You might think that our whole popular image of pirates—peg legs, buried treasure, the “Jolly Roger” flag—comes from Disney movies and amusement rides. In fact, much of that image comes from one book: A General History of the Robberies and Murders of the most Notorious Pyrates. (reprint editions here). It was published in 1724, and was a bestseller—it turns out that pirates’ entertainment value is nothing new, either. The book’s author was given as Captain Charles Johnson. However, this is usually considered a pseudonym, and debate continues about who the real author was. In addition to forming our modern conception of pirates, the book also remains our primary source for the biographies of famous pirates like Blackbeard and Calico Jack, and Anne Bonny and Mary Read—the two most famous women pirates.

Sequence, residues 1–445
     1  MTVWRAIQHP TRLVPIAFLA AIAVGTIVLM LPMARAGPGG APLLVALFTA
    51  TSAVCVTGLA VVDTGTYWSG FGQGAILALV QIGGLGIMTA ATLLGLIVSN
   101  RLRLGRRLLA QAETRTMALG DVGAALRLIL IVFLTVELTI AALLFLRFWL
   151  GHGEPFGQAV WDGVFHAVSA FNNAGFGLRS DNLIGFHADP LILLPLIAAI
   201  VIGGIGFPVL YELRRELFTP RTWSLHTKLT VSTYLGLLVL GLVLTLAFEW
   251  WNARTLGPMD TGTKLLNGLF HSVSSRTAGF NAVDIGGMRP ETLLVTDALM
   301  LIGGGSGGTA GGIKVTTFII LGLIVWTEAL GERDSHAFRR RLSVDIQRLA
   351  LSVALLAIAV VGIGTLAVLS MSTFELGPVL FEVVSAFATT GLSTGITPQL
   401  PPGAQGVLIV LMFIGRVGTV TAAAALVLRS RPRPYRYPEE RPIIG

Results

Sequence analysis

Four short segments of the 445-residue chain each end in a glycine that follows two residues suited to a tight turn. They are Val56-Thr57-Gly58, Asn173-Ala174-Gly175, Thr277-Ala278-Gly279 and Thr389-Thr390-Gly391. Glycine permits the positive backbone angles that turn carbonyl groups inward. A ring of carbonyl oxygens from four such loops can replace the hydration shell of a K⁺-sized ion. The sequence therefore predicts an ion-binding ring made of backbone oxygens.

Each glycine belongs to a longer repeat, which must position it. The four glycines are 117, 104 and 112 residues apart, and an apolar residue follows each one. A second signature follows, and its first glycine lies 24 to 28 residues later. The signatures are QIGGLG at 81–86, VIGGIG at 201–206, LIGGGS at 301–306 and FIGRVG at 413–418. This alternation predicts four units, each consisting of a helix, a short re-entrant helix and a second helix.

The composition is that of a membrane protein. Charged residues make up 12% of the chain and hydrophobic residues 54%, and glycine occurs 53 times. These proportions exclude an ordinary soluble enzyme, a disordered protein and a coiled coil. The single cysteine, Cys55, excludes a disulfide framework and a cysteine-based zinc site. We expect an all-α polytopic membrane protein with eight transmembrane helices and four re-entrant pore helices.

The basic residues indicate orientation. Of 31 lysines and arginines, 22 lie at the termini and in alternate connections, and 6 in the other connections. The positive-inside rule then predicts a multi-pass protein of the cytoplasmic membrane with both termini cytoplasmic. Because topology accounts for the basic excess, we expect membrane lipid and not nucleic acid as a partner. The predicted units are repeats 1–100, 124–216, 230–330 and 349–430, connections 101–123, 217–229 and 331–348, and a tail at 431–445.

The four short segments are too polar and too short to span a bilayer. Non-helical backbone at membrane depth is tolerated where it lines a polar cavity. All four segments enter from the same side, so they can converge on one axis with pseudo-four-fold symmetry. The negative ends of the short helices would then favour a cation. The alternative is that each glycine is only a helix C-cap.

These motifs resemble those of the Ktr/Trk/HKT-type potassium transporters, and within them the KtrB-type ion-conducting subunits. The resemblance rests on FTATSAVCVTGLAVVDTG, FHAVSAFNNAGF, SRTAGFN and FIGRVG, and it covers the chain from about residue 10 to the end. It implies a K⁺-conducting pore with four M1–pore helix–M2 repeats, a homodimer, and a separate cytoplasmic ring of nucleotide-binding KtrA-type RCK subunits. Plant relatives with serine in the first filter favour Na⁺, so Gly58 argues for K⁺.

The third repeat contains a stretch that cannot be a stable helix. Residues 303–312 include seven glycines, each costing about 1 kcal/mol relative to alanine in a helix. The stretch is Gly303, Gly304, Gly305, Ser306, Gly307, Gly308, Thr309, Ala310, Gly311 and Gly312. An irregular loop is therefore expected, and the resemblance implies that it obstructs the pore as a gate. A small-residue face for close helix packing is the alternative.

A General History of the Pyrates is also a very rare book in its first edition. The book was so popular in the early 18th century that most first edition copies were worn out and have not survived. It’s difficult even to find examples of later 18th-century editions. The British Museum Library only recently acquired a first edition copy.
I was lucky enough acquire a copy of A General History earlier this summer. Rare as it was, several factors made my copy even more unusual. It included a very rare map of Guinea, inserted from the fourth edition. And, better still, an actual pirate coin was included with the set. It was a silver cob, a type of coin produced in Spain’s New World colonies, with pillars and waves on the front and a cross on the back. Pirates preferred cobs because they were accepted as currency all over the world.
In the end, I decided to use my copy of A General History of the Pyrates to test the rare book market on eBay. You can read more about that experiment on my blog. Or you can read about some other pirate-related rare books here and here.
Adam Weinberger, the founder of RareBookBuyer.com, has been involved in rare books and manuscripts for more than 30 years. We buy rare books and offer free appraisals. You can reach Adam by email at email@example.com or by telephone at 646.469.1851.